Weathering Winter: A Gardener's Daybookby Carl H. Klaus
In Winter, when the only things growing seem to be icicles and irritability, what pleasures exist for a gardener or for anyone who lives in a northern climate? In his distinctive daybook Weathering Winter, Carl Klaus reminds readers that the season of brown twigs and icy gales is just as much a part of the year as when tulips open, tomatoes thrive, and pumpkins color… See more details below
In Winter, when the only things growing seem to be icicles and irritability, what pleasures exist for a gardener or for anyone who lives in a northern climate? In his distinctive daybook Weathering Winter, Carl Klaus reminds readers that the season of brown twigs and icy gales is just as much a part of the year as when tulips open, tomatoes thrive, and pumpkins color the brown earth. From the first cold snap of late December 1994 to the first outdoor planting of onion sets and radish seeds in mid-March 1995, Klaus kept track of snow falling, birds flocking, soups simmering, gardening catalogs arriving, buds swelling, and seed trays coming to life. Gardeners, lovers of the out-of-doors, and weather watchers will recognize themselves in the ways in which Klaus has come to terms with the harsh climate and chilly truths that winter embodies. His constant, careful checks on the temperature and on the geraniums overwintering in the attic, his contentment in the basil- and garlic-flavored tomato sauce he cooked up from last season's crops, and his walks with his wife in the bitter chill of starry January nights reflect the pull between indoors and out, the contrast between the beauty and the cruelty of the season.
Meant as a companion volume to Klaus's previous daybook, My Vegetable Love (1996), this diary sequel was kept during the winter of 1996 from New Year's Eve to March 15th. It is smaller and less vital than the book before. Perhaps the season itself imposed a constraint on Klausgardeners like to have growth to write about. For lack of that in his snow-filled "three-quarter-acre lot," the wind-chilled author becomes monotonously obsessed with his midwestern "warlike weatherscape." He combs the Internet, the Weather Channel, and the almanacs for long-range forecasts, fussing over the season's shifting moods and temperatures. To soothe mild woes, he downs countless bowls of soup. He ritually walks his dog, doctors his cat, considers seeds, and feeds the birds. Klaus's inevitable cabin fever, though, fails to lead him toward introspection or insight. He doesn't have the stamina, the imagination, or the bent to think about winter or observe it in depth. Even his verbal snapshots of wintry scenes seem willfully trite. His avuncular charm may need a fuller page, a tree with fruit to describenot the grip of ice. The fact that the season brings him no real hardship, only a predictable frustration and inconvenience, also keeps the drama out of this tale of supposed stoicism and rumored wherewithal. When Klaus worries that his written "winter watch" may seem "trivial" to others, he is right.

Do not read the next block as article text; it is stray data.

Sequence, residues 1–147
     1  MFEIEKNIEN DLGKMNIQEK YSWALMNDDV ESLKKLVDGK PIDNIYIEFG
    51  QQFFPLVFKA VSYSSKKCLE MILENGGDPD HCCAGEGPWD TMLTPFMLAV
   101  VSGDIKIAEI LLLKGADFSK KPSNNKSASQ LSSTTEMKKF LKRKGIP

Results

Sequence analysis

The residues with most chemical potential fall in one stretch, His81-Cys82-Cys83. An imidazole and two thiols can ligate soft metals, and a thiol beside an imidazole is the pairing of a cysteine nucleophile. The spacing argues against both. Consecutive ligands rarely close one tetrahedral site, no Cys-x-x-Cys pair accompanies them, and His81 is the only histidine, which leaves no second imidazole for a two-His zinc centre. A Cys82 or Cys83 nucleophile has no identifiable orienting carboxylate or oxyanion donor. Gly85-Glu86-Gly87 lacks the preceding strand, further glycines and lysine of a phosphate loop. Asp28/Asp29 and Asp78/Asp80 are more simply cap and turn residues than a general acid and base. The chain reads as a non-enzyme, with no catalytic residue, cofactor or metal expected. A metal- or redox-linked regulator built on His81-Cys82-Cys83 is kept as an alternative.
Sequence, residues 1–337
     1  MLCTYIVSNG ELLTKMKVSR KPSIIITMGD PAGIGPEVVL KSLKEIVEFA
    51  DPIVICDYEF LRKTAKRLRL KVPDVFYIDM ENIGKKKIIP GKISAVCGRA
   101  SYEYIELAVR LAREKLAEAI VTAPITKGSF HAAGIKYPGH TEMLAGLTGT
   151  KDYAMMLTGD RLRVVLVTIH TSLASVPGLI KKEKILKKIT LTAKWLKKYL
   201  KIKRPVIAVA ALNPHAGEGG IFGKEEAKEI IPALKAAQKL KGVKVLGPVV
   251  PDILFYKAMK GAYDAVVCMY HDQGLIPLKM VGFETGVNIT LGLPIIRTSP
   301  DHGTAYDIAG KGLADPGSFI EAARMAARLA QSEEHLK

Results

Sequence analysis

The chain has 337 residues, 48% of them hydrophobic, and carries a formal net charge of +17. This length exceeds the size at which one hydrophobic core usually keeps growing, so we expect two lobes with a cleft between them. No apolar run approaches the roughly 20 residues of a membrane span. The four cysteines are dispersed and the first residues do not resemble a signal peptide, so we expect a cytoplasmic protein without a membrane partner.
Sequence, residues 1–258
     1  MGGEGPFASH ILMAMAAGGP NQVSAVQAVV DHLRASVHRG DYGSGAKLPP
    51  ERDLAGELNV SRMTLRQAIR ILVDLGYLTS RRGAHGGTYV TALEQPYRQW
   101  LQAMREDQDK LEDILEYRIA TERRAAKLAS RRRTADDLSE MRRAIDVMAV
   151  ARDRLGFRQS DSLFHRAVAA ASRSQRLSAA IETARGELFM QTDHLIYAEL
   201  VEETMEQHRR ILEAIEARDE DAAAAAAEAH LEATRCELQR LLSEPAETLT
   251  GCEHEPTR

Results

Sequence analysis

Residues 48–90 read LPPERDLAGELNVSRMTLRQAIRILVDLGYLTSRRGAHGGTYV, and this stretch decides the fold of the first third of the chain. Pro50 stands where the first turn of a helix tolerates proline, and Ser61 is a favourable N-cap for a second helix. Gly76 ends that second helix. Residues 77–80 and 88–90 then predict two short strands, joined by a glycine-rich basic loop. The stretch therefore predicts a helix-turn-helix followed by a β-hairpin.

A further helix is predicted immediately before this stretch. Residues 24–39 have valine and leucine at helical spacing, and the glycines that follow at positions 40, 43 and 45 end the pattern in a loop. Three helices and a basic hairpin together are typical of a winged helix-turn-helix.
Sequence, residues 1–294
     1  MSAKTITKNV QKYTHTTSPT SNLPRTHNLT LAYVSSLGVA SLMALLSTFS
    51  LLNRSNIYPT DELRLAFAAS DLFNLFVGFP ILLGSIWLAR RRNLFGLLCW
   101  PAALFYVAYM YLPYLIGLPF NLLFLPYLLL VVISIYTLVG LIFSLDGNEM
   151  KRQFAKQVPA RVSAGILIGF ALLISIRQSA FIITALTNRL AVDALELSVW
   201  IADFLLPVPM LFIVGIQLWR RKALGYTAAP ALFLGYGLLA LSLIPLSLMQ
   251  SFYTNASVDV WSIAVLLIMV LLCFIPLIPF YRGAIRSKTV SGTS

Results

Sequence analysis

Dull heartland postcards about the fallow months.
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